Farm bankruptcies on the rise

There have been numerous stories on the rise in farm bankruptcies in 2018. Picking one from December 1, 2018 in the Lincoln Journal Star by Matt Olberdin called “As ag economy continues to struggle, farm bankruptcies rise,” through October, bankruptcies in a seven state region including and around Nebraska are up 45% compared to all of 2017.

Trade issues and low crop prices are two main issues driving down farm incomes. Coupled with rising interest rates and property taxes, and it is a tougher road for farmers. Per PBS Newshour, trade issues means tariffs getting in the way of the farmers’ markets.

These farmers use Chapter 12 bankruptcy that makes it easier to file and reorganize. This approach allows a higher debt limit as well. Per The Wall Street Journal, farm bankruptcy filings are the highest they have been in ten years.

As with the shutdown, real people are impacted by ill-conceived decisions by the President. Loyalty to a President becomes tough when you cannot feed your family and may lose your livelihood. With the tariffs blocking markets for the farmers’ products, the buyers must look elsewhere. These farmers will have to dump product or let it go to waste.

This is a key reason economist say trade wars cannot be won. More people lose than win on targeted tariffs. Yet, this does not seem to bother the man in the White House. That is troubling and sad for our country.

9 thoughts on “Farm bankruptcies on the rise

  1. Erika, it is that simple. He is such a good salesmen, these folks bought his elixir. Only now is it coming to their attention, they may have been swindled. Yet, too many are still not paying attention. Keith

  2. I would bet money that some of his advisors tried to explain to him in the beginning that this was an inevitable result of the tariffs, but he “trusts his gut” more than he trusts the advice of those with years of experience and education. Now, as a result of this, we will be seeing even more price increases at the grocery stores come spring … we’ve already seen some, partly as a result of tariffs, and partly as a result of the severe weather caused by climate change. All of which the ‘man’ in the Oval Office is oblivious to, for he thinks you have to have an ID to buy groceries!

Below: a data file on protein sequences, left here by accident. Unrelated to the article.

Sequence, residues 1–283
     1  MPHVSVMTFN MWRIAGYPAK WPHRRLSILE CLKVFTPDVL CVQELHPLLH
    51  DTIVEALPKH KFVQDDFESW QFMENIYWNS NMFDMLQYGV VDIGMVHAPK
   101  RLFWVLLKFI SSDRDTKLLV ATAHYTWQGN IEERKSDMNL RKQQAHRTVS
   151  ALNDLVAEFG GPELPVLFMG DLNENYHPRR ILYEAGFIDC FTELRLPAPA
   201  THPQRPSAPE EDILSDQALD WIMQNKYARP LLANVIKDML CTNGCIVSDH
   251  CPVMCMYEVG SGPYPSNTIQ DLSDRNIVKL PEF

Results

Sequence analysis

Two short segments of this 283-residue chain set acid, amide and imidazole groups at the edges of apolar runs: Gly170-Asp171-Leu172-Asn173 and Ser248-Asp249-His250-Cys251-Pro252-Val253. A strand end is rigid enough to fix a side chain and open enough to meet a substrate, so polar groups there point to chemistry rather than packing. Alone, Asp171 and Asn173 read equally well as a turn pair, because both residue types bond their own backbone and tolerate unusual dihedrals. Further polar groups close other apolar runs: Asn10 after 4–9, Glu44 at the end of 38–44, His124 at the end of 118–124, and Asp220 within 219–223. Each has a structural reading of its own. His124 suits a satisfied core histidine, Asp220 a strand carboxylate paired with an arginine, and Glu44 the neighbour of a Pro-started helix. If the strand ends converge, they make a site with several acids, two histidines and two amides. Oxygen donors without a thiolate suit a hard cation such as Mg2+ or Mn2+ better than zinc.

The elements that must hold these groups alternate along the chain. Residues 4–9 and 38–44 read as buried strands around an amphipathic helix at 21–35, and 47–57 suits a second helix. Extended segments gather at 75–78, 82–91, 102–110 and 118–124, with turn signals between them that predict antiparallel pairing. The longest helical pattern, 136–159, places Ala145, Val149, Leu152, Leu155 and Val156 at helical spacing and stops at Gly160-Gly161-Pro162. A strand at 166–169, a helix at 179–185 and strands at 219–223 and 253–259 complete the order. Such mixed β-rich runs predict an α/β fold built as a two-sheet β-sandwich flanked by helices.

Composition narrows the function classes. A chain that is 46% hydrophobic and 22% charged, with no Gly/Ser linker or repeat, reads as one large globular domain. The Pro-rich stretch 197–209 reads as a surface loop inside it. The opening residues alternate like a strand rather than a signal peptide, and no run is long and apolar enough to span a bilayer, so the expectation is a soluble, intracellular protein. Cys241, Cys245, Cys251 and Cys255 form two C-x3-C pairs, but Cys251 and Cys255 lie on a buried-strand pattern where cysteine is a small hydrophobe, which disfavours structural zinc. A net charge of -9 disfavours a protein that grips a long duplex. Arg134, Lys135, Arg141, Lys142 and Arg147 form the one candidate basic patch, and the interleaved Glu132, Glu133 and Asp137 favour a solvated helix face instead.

• Jill, the principal economic advisor against this was Gary Cohn and he resigned as Trump was not listening his globalism is good approach. Peter Navarro was a key orchestrator of this and he cited two economists who he influenced him, as most every economist said tariffs are bad tactics. Not ironically, the of the two men Navarro cited, one said “I am not an economist” and the other said Navarro took his position out of context.

      These comedy of errors would be laughable if they were not true or the exception. There is a level of incompetence in this White House due to the one in charge, the people who never joined or left and the fact there is a startling deficiency of people. Keith

      • Jill, true. And, sadly yet another reporter (a BBC cameraman) was beaten by a Trump supporter. Here is a headline to the man in a MAGA cap saying “f**k the media” as he hurt someone. The fake news purveyor is behind the podium. You have been played.


  3. Dear Keith,

    Many of these farmers who supported President Trump are facing the reality that President Trump is big on promises but short on delivery.